In psychoanalysis the most important part of the work is what the patient has to say. This is what both starts a session and continues a process in which the patient's relationship with his or her world is analysed.
This could be the world of partners, family, friends, acquaintances, bosses, officials etc etc - in other words other people - or with the society and culture or cultures that he or she in habits - or indeed both.
At least part of this relationship with the world will be unconscious, evidenced by the occasional Freudian slip - ie saying one thing when you meant to say another - and at-the-time unexplainable emotional reactions.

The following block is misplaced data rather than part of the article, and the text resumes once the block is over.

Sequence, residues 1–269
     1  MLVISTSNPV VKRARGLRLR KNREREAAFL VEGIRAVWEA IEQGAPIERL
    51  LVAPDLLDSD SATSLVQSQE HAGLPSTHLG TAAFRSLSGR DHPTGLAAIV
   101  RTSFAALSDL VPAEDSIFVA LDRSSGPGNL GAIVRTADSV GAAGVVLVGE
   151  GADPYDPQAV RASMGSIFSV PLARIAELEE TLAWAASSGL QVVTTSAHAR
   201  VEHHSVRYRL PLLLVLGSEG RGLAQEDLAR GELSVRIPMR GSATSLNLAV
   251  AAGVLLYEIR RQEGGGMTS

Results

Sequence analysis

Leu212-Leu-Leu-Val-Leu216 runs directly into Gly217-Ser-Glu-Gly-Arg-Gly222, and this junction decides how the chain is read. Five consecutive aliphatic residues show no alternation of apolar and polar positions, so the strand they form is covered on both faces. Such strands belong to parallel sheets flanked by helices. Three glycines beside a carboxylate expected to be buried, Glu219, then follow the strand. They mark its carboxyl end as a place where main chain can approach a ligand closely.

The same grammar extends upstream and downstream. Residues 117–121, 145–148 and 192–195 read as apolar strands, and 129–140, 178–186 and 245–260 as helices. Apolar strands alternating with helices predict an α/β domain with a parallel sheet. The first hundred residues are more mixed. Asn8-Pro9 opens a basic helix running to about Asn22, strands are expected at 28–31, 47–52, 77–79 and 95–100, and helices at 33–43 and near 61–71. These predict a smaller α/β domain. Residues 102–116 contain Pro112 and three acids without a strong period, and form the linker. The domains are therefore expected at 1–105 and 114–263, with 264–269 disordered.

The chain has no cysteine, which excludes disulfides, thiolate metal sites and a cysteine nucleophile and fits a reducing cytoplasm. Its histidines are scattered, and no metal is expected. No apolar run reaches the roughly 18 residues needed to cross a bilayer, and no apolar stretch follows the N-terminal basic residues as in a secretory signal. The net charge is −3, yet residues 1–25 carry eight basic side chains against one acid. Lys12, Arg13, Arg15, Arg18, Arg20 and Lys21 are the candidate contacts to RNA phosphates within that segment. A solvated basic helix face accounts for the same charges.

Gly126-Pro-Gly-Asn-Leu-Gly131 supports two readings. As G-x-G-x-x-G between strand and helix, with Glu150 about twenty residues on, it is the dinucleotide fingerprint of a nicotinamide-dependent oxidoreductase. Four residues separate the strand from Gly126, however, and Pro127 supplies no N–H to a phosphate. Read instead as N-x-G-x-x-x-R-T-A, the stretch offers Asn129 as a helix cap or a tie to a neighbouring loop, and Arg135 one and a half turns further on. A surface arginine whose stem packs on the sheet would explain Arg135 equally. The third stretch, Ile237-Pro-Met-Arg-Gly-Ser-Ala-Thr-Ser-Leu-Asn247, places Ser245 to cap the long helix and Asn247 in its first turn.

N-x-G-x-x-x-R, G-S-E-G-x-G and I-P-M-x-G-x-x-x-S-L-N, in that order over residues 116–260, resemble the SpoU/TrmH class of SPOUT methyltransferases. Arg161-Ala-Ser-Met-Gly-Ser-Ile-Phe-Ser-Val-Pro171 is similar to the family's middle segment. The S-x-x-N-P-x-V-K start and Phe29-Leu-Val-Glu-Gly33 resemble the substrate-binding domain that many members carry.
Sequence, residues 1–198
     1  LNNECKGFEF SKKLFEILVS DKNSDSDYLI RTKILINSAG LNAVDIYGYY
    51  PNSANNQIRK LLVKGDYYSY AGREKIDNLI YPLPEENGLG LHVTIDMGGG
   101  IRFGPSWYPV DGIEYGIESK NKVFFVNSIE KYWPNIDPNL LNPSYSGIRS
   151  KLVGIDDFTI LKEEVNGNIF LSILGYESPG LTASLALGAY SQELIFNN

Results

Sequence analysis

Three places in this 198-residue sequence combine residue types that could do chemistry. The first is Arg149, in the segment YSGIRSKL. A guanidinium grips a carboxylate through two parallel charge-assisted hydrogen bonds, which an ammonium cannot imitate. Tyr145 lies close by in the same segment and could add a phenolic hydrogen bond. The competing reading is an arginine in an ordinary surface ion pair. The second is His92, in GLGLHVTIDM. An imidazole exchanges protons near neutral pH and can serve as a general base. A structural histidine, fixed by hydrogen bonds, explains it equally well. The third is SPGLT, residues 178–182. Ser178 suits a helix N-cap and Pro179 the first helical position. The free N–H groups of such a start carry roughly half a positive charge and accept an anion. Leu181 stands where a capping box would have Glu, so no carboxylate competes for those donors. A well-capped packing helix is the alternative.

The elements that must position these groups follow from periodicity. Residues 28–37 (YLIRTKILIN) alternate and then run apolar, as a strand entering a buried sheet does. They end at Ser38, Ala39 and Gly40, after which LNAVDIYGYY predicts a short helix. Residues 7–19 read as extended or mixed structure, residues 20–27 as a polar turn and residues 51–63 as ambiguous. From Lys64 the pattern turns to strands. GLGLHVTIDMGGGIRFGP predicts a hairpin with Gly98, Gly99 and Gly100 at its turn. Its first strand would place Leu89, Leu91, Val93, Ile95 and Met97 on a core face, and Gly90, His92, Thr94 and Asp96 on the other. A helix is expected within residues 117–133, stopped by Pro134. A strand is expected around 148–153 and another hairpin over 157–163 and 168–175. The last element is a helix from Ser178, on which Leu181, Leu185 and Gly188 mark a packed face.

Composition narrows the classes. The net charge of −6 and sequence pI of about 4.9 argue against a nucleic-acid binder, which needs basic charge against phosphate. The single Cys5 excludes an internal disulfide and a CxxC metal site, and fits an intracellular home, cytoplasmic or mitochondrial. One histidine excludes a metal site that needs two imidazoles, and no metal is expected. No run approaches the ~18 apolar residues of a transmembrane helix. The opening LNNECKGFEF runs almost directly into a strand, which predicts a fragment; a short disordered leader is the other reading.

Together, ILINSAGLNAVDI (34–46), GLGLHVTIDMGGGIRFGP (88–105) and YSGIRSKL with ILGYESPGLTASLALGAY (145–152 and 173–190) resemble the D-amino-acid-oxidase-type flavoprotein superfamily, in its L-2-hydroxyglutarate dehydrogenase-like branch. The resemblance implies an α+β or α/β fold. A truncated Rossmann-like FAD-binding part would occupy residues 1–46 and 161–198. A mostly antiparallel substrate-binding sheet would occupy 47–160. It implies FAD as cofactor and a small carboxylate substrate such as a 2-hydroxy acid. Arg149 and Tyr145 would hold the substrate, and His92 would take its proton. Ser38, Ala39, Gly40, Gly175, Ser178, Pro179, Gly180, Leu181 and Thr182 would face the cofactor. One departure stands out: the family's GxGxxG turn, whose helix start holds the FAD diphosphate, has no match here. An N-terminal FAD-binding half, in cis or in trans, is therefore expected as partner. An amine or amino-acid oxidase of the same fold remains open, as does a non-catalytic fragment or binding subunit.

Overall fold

To effectively analyse the patient's conscious and unconscious world or, more precisely, the relationship between the conscious and unconscious mind/memory, there has to be a joint exploration of the meaning of thoughts, emotions, dreams - whatever appears to be reoccurring or otherwise important.
One myth about analysis that can be dispelled is the notion that the analyst has a code book - that a particular object in a dream always means X.
What an object means - if it means anything at all - will depend on what the patient has connected to it.
Again, it's what the patient says next that will allow an analysis to proceed.
Symptoms presented to talking therapists are many and varied and some conditions will require specialist therapy or medical intervention or both: a professional therapist will always recommend an alternative or complementary treatment as and if necessary.